Written by Tom King
Art by David Finch, Matt Banning, Danny Miki and Jordie Bellaire
Lettering by John Workman
Published by DC Comics
Review by Justin Partridge
‘Rama Rating: 8 out of 10
“The Monster Men are coming...aren’t they strange?”
Things are starting to get weird in Batman #2. After a hit-and-miss debut, writer Tom King course-corrects with a solid issue of groundwork, punctuated with great character moments that finally give us a sense of who his Batman is, all while teasing hints toward the baddies that are poised to assault Gotham City. This second issue also holds the distinction of being some of David Finch’s best work in recent memory, thanks to a new degree of focus from the penciler, heavy inks from Matt Banning and Danny Miki, and gorgeous colors from Jordie Bellaire. Though it started on shaky ground, Batman #2 bounces back with a visually exciting and engaging second installment.
Opening with a titanic scrap in the shadow of Gotham’s statue of Justice, Batman #2 begins by shining a light on Gotham’s newest caped crusaders and what they are capable of as they lay the smack down on Solomon Grundy. King is still playing it coy with the identity of Gotham and Gotham Girl, but by opening this issue with a big display of their powers as well as stacking them against veteran crimefighter Batman, he is opening his script up to some much-needed character development. After the scrap with Grundy, Batman is already off to the next thing, but Gotham can’t let it go. Tom King gives audiences a quick look under Gotham’s cowl to reveal a man not only eager to join in Batman’s crusade, but one who is hungry to learn how to approach it properly. Less great however is the continued ignoring of Gotham Girl, who is still left a cypher this issue while the men are still given priority treatment.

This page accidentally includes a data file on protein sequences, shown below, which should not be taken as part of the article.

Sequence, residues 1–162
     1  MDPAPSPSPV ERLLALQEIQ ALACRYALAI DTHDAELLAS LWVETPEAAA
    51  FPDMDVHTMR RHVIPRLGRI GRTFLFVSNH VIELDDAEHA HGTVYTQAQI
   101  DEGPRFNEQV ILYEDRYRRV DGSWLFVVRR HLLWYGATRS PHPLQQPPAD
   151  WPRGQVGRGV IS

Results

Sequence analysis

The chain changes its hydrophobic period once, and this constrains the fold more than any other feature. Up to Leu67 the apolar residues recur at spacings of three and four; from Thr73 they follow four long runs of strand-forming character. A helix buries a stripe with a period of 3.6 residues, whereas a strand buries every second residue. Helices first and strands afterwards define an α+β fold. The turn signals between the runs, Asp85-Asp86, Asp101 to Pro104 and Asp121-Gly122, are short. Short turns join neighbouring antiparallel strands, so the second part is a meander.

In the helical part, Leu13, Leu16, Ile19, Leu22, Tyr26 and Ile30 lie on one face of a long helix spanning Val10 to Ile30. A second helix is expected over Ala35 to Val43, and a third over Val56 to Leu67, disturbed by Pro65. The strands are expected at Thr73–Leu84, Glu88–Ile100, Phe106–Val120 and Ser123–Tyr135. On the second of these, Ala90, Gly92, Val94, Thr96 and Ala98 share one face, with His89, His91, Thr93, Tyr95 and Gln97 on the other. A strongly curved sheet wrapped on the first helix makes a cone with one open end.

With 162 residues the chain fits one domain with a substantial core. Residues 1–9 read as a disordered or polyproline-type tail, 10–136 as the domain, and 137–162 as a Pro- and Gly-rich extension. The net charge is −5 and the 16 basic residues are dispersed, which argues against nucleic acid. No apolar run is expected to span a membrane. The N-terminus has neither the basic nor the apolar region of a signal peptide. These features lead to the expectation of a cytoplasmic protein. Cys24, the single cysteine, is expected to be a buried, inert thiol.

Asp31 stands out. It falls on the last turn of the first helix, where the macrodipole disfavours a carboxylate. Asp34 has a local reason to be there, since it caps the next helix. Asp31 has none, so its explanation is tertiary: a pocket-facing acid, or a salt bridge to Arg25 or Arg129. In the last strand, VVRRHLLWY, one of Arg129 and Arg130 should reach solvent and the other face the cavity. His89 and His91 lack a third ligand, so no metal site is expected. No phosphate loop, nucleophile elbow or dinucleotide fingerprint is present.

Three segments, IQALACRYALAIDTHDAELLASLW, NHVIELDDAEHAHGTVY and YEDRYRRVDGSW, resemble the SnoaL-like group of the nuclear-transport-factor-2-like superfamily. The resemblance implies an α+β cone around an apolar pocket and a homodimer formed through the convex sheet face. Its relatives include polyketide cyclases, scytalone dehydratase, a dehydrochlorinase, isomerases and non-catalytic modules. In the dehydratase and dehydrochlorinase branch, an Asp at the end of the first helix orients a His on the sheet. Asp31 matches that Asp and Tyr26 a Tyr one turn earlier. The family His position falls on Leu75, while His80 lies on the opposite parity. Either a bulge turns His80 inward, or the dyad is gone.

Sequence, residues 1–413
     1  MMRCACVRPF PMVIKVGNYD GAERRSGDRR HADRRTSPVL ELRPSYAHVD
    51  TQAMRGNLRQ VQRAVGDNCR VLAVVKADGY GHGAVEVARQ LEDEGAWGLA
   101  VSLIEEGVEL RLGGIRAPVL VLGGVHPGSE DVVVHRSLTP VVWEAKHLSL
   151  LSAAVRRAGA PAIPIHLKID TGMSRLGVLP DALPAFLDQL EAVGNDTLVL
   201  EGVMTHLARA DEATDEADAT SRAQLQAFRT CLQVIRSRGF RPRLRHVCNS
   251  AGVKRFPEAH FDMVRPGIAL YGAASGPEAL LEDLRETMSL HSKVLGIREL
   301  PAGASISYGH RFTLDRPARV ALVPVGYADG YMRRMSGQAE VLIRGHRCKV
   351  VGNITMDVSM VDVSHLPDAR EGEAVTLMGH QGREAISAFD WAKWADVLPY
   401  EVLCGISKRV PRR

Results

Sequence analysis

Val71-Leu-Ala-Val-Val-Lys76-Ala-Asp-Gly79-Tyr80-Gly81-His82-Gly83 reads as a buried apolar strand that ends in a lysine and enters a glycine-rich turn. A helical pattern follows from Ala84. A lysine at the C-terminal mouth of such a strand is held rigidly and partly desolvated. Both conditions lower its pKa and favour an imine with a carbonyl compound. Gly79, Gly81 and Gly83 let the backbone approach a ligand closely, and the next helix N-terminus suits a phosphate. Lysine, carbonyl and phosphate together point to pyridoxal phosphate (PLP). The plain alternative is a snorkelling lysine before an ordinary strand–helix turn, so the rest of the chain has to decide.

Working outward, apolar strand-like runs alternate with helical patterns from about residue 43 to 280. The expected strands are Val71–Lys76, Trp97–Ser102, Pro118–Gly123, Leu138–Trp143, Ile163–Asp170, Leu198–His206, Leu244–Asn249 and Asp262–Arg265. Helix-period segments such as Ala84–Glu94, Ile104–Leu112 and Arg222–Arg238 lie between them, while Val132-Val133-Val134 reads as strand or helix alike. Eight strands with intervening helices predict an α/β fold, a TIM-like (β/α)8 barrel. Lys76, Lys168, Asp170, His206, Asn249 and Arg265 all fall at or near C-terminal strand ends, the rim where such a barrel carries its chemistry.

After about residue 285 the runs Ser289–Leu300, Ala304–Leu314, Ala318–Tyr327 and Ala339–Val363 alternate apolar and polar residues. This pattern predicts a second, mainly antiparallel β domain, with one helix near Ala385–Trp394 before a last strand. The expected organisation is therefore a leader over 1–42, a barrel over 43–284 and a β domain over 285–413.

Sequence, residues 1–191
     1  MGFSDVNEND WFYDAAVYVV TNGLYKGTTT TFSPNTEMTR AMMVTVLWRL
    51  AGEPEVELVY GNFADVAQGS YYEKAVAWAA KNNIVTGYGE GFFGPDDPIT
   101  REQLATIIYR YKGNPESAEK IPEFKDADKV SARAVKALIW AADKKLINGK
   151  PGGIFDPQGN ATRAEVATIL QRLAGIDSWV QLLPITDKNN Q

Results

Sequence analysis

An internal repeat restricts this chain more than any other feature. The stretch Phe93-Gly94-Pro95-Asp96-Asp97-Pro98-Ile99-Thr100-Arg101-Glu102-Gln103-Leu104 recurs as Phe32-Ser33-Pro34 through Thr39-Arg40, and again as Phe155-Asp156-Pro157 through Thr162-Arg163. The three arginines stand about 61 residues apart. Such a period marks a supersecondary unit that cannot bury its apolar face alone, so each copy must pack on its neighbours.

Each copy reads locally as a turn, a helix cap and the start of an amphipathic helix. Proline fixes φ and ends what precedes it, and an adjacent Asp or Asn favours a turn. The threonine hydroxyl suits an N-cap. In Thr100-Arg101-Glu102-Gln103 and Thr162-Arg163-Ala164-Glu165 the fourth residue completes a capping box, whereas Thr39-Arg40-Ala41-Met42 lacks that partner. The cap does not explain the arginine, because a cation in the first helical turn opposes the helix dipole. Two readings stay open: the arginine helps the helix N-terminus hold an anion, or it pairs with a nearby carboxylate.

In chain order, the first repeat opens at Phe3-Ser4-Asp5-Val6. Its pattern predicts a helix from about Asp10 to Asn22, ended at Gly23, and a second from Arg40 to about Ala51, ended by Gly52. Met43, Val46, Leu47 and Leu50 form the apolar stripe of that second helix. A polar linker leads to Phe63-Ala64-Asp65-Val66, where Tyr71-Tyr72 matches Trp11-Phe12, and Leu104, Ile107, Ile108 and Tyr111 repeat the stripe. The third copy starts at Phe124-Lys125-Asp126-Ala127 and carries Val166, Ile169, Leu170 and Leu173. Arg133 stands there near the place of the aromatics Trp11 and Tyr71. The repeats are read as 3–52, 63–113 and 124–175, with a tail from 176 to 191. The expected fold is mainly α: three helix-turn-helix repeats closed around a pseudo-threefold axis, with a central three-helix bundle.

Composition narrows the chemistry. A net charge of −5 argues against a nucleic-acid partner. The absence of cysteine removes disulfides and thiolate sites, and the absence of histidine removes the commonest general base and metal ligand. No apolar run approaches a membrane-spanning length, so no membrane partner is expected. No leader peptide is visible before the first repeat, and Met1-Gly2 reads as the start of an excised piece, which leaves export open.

That gripe aside, King contrasts Gotham’s willingness to learn with Bruce’s realization that while he’s just one man, the new super pair can be much more for the city. This newfound self-awareness finally arms the title with a characterization that audiences can connect with. Moving beyond the character work on display, King also fills this second issue with grim hints as to the incoming Monster Men and a cliffhanger return for a fan-favorite Bat-villain, reminding readers that there is still a larger game being played just outside of Batman and the Gothams’ field of vision. While the first issue had its flaws, Batman #2 shows that its creative team is willing to work for reader’s attention.
Which brings us to the art team. David Finch’s recent output hasn’t wowed like it did in his early days, but Batman #2 is some of his most focused work to date. The opening set piece is a prime example of the art team’s prowess as Finch keeps the action hard-hitting and clear, even playing a bit with perspective with the panels of Grundy trying to make his escape. Displayed in a three-panel grid, Grundy is sprinting toward the foreground with Gotham in pursuit, but unbeknownst to the both of them, Batman is slowly slinking up from a manhole, masked in wispy white steam, culminating in a bone-crunching splash page of Bats using Grundy’s momentum against him to put him down. If you had any doubts during his Wonder Woman run, you can rest easy — Finch has still got it.
With focused artwork and scripting throughout, Batman #2 finally puts the flagship Bat-title on solid ground. Tom King and his art team have caught their second window, and finally have a compelling Batman as well as a looming threat, giving the title a palpable dread along with their solid characterizations.